Edge of Eternity is a great throwback to classic JRPGs overall. The presentation is fantastic, the world is expansive and there’s plenty to do with your time. That being said, the overall story and supporting characters while solid, were lacking for me. There’s plenty of systems layered in, and while combat is probably the most important system and also arguably Edge of Eternity’s best system, they don’t always seamlessly support one another. It is worth calling out that a reasonably small studio managed to make a large, high quality and very enjoyable game in Edge of Eternity and JRPG fans should come away pleased overall.
Dynasty Warriors 9 Empires is an improvement on the last Dynasty Warriors game, but that has more to do with my love of strategy and management than anything else. Given the divisive reception to the last mainline game, I understand why they moved away from the open world, but it does leave this entertaining game with oodles of potential in something of an identity crisis as well. What’s here is fun, and I am always up for some Three Kingdoms strategy and combat, but I can’t help but look forward to the next iteration that is built specifically with the PS5 hardware in mind.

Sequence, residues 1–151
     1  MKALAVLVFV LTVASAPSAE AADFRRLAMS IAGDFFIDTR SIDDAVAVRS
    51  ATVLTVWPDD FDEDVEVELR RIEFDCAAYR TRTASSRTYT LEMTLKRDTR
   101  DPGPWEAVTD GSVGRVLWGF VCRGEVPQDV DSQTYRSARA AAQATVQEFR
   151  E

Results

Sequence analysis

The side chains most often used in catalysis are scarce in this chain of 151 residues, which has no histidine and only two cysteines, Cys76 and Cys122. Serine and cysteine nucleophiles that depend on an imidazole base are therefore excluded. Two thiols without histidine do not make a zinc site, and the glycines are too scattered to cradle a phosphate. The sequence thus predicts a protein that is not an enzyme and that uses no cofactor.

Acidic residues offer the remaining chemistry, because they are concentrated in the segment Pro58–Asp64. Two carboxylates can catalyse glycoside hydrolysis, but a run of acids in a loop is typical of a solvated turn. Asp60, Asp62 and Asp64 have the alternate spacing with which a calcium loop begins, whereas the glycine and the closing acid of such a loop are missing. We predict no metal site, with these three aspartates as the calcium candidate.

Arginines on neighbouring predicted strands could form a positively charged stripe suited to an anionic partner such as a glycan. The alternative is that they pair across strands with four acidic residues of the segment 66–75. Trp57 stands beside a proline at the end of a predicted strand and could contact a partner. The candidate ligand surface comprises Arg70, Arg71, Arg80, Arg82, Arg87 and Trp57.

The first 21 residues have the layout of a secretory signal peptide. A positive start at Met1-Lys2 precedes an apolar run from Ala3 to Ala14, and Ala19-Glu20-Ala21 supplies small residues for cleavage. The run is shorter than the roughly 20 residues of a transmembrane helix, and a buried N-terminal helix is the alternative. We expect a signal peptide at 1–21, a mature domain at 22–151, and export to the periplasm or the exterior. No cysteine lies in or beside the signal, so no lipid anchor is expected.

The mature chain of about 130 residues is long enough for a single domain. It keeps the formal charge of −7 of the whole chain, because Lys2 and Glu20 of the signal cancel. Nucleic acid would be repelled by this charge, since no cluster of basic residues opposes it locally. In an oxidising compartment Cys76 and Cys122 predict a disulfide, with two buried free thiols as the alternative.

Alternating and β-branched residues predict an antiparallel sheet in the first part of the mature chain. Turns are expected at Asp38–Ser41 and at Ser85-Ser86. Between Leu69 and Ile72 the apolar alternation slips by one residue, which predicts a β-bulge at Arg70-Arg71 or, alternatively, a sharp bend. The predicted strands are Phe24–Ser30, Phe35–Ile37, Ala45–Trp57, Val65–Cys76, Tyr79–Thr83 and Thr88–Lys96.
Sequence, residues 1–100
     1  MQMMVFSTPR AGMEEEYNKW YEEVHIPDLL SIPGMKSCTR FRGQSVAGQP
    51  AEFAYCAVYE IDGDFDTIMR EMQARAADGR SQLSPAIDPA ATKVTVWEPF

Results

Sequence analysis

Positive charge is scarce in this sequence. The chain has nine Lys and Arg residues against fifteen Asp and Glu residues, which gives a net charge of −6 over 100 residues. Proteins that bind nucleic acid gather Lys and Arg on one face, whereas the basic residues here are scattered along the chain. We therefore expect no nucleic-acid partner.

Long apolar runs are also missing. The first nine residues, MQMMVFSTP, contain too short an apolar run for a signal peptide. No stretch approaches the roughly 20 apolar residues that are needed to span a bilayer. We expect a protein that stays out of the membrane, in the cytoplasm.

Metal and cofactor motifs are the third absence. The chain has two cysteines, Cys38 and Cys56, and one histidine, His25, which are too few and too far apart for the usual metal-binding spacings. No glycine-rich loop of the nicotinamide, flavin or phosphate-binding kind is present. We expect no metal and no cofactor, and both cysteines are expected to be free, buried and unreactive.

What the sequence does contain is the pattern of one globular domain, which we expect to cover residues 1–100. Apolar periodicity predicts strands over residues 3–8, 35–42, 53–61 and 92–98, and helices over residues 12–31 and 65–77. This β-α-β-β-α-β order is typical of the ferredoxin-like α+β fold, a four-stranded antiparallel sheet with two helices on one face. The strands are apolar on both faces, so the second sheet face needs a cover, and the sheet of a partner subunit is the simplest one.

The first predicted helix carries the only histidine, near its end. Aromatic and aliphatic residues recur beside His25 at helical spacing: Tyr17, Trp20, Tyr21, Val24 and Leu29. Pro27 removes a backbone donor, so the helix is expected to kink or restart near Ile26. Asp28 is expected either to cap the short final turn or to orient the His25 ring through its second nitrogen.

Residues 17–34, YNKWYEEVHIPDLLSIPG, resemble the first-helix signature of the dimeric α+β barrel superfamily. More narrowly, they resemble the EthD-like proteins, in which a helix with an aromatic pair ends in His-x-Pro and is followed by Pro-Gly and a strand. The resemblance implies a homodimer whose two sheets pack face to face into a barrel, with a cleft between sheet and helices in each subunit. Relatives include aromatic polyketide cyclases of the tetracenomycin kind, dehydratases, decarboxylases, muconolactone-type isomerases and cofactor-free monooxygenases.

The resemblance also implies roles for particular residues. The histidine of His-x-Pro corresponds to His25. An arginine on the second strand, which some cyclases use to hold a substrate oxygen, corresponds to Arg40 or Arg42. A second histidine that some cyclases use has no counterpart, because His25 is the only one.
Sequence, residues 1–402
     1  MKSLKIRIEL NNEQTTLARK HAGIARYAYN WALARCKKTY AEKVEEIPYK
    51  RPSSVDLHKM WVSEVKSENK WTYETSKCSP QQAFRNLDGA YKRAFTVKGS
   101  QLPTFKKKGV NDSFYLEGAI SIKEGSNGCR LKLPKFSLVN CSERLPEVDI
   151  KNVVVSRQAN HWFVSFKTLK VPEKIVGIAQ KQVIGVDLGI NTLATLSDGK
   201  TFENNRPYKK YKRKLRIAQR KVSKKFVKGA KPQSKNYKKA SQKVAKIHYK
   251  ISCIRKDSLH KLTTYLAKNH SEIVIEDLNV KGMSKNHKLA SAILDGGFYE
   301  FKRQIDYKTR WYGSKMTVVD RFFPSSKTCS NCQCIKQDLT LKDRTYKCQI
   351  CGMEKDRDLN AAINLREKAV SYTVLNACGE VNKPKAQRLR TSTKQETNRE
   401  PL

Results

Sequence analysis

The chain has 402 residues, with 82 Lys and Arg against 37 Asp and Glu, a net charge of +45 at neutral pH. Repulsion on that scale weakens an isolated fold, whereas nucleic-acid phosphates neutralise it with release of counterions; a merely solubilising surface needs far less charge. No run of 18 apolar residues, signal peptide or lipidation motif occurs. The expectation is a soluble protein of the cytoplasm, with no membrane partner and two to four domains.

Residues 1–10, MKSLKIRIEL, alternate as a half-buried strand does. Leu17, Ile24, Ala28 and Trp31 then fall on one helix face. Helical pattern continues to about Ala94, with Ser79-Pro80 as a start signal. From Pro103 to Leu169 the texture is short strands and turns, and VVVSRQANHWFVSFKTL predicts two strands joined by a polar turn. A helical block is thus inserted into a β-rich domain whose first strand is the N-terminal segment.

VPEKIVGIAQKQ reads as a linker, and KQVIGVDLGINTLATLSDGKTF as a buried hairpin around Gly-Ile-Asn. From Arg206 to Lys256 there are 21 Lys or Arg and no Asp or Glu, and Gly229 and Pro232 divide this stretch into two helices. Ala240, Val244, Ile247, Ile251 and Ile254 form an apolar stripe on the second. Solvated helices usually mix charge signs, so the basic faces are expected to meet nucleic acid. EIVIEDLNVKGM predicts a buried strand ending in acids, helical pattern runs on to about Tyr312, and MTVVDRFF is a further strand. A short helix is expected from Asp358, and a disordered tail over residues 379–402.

Infernax is a bloody good time. The developers did a great job of harnessing just about everything that made classic platforming adventures like Castlevania great, while sprinkling in some new features along the way. The formula was not quite perfect for me, but it was pretty close and those looking for a challenging new game in the genre owe it to themselves to give Infernax a look.
Granblue Fantasy: Versus – Legendary Edition is a worthy addition to any fighting fan’s collection. It’s not perfect – to me it feels a bit like a lesser version of Guilty Gear at times. But it’s a whole lot of fun. The presentation is slick, the RPG mode has some longevity to it, and this Legendary Edition adds a lot of characters to an already solid roster. I’m glad I didn’t miss out on this title a second time.
Vaporum: Lockdown creates a nice sense of isolation and is a fun experience, despite some frustrating puzzles along the way. The presentation is solid and the progression elements are rewarding, even if the combat itself can be slightly repetitive after a time. Vaporum: Lockdown made a great initial impression on me, though by the time I got into the title’s later content, I was less enamored with it overall.